Monday, September 13, 2010

The Night Before EidHashanah

After my long self-indulgent post last week, I needed a break.  It's hard work being so self-revealing, peeps!  Anyway, since my days off coincided with the end of Ramadan, I decided to take a religious holiday and celebrate Eid.  For a week.  And then, since Eid also coincided with the Jewish New Year, I decided to honor my (three) Jewish friends and celebrate Rosh Hashanah with them too.  And THEN the 9 year mark of 9/11 was fast approaching right alongside the holiest days of the year for Muslims and Jews and I just thought that I had had ENOUGH of hate and fear and sadness and suspicion.  I know that most of you feel the same way.  

So in the spirit of interfaith love and peace and good humor, my friends and I coined the term EidHashanah - it's a mashup of faiths and a mega dose of fun, and it's sweeping the nation, nay, the WORLD with it's feel-good cheer and massive doses of sugary sweets (I totally made that last part up.  But really, EidHashanah theoretically could take over the world...I mean between Jews and Muslims we've got a nice slice of the Earth's population covered.  I think.  I actually have no idea about that part either). 

And then I wrote a poem about it. 

The Night Before EidHashanah

'Twas the night before EidHashanah, and throughout the land
People of all faiths had thoughts of Park 51 on hand.
The Muslims were thankful for a small gift from heaven
When it was said that Eid would not coincide with 9/11.
Their Jewish cousins decided to start the year off right
As they sat down for challah and honey cakes that night.
While the Good Christians of the world, so innocent and sweet
Wondered why there were so many sales going on for Kosher meat.

When down from Florida there arose such a great rumbling
And rumors of hatred, bigotry and book burning.
“Oh me, Oh my,” cried the Muslims with such woe,
“Why do our fellow Americans hate us so?
A shameful act of hate and we’ve all been painted with the same brush
By oddly-named people such as Newt, Beck and Rush.
We are not the people who flew those planes,
We don’t share their faith - we are not the same.”

But the clamor did not end, while the ignorance grew,
And so the Muslims asked their cousins the Jews,
“Fellow Sons of Abraham, during this holy time for us and you,
Let us come together - oh what can we do?
We hope you can help because we read that it’s true
There’s a Gallup poll that says some Americans hate you too!*
Aren’t you fed up with the ignorance and suspicion?
Wouldn’t you just love to shofar some sense into them?”

Don't mess with the shofar!  Unless you want to get "rammed". 
(insert obligatory groan here)

“Little cousins,” the Jews replied, oh so grave,
“You are so quick to anger, that is no way to behave.
Remember patience is wise even if it is less bold
Take it from us, we’re over five thousand years old!
EidHashanah is a time of introspection and peace
We can use these examples to show people, to teach
Show them peace, teach them to love one and all
Teach them how to make some delicious matzoh balls.”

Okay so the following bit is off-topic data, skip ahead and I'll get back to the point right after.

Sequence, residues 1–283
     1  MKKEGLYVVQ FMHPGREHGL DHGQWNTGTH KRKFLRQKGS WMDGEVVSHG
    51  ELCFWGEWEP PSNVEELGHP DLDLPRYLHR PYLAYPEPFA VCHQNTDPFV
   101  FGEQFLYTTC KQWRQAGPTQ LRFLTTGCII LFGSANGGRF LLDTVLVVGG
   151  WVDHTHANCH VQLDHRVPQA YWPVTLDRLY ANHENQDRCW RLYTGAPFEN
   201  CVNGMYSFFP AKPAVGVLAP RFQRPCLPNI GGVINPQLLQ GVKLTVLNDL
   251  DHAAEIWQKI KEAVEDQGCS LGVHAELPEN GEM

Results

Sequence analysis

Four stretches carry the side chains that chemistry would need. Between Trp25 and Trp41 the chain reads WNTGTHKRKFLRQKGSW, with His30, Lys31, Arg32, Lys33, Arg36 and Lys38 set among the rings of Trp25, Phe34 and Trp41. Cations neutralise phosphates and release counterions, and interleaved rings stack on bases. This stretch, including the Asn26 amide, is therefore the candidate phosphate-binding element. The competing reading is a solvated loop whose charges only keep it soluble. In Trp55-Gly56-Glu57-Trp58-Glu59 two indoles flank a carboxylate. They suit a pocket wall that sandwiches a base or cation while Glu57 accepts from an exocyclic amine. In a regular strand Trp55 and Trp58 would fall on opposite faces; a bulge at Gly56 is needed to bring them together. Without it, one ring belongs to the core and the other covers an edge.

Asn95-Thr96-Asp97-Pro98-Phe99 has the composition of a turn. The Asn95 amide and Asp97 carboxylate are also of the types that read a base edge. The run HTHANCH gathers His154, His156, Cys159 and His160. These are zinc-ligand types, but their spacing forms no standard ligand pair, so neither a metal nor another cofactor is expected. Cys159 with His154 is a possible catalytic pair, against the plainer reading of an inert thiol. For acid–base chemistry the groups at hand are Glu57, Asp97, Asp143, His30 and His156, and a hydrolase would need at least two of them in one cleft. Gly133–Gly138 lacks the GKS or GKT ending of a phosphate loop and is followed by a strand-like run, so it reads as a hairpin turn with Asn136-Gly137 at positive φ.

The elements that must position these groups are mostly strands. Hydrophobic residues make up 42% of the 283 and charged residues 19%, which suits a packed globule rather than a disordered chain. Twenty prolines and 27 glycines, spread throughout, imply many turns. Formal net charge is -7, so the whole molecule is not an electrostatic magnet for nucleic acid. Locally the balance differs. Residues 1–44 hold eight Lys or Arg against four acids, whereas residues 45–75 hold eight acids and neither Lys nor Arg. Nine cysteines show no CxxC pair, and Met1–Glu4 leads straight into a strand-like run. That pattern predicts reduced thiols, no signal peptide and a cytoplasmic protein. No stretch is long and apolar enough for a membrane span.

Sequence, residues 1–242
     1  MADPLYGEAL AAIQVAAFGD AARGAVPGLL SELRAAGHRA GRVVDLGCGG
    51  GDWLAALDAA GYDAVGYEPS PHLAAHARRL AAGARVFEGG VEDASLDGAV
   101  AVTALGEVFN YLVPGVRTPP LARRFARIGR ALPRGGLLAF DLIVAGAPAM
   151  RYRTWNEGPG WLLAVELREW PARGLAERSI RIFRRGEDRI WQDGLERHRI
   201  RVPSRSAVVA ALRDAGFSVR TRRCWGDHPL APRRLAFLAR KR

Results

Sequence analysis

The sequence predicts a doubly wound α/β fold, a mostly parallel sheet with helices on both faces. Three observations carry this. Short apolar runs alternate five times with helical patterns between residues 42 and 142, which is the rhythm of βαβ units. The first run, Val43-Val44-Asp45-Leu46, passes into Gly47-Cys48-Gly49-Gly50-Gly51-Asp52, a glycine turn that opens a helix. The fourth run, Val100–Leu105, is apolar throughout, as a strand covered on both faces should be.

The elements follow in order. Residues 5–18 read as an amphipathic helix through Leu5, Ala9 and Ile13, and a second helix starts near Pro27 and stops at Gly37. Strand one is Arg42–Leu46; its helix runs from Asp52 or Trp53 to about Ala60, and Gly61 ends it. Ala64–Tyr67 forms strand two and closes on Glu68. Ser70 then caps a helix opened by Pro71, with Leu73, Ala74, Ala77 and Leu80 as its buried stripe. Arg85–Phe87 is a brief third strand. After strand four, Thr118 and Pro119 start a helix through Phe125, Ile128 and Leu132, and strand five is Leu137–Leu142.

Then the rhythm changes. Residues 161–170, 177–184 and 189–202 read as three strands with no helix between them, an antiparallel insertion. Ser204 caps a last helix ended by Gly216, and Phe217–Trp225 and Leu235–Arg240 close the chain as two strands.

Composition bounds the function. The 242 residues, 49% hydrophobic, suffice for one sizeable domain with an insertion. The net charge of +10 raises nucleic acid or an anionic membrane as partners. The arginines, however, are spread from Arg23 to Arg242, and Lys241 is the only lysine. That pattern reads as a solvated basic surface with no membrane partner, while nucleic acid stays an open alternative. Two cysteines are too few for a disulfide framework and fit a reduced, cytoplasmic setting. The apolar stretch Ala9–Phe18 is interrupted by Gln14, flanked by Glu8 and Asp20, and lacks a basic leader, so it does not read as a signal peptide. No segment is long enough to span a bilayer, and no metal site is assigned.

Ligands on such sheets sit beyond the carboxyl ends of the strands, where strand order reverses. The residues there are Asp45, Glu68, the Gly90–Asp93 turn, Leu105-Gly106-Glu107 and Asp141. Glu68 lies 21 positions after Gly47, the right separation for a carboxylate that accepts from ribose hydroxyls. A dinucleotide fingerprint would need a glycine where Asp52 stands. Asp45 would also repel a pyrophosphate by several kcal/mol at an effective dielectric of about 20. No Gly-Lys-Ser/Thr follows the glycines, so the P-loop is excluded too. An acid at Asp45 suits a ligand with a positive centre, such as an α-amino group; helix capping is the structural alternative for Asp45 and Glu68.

“It’s true!” the Muslims exclaimed with glee,
“We can show them that we are one big family!
Let them look beyond the veil, let them see us for who we are,
What we need are some big names, some really big stars!
We’ll call upon Muhammad Ali, Olajuwon and Jabbar
Don’t forget Dave Chappelle and Mos Def but that’s not all,
We hope that will impress them - it really really should,
But if not we’ll tell them we’ve got half of Bollywood!”

Babes in Burqas. The Centerfold. Oh yeah.
We’re just like the rest of you - out there in the world,
We have hopes and dreams and stories to be told.
We might wear hijabs and our men might have beards
But we’re not evil people, you have nothing to fear.
So what if we don’t have friends in  high places,
We’ve got lots of oil to fuel your NASCAR races!
Let’s call an end to all this anti-Islam sentiment
At least for a couple of about until Lent?
It’s the perfect time for Muslims, you see
Because Filet-o-Fishes are buy one get one free!**

Happiness is Kosher, it’s great, it’s Halal
It’s free for you and me, for one and for all.
And so we say to those Park 51 haters,
Those attention-grabbing gutless faith-breakers
Those who can’t stand to share this land with me or you,
Whether you’re a different color, or a Muslim or a Jew,
We say feh to all those schmucks and tuchus-hats
Who can’t tell a blintz from a baklava or a kippah from a ballcap. 

Remember we are one family, we don’t want to fight
So Shana Tova Mubarak to all, and to all a Good Night!

* - reference to the Gallup Poll (mentioned in the third paragraph of this article) which found that Americans’ bias against Muslims and Jews are linked.
** - Muslims follow Halal dietary restrictions, which limits the food they can eat.  Notably, fish is exempt from these rules, so whenever fish goes on sale it’s like a Muslim seafood bonanaza - and of course it’s very funny that the one time during the year we can stock up on fish happens during Lent.
*** - This poem (epistle, masterpiece, whatever.  I can be modest) has been Kosher Certified by Officially Kosher People (two Jewish friends).  We hope that you enjoy it in the spirit in which it was written.

I would be beyond thrilled if you should choose to share this post; all I ask is that you please link to my blog and/or this original post. More traffic for me = Happy Mahreen + Good Karma for you.  Happy EidHashanah, friends!
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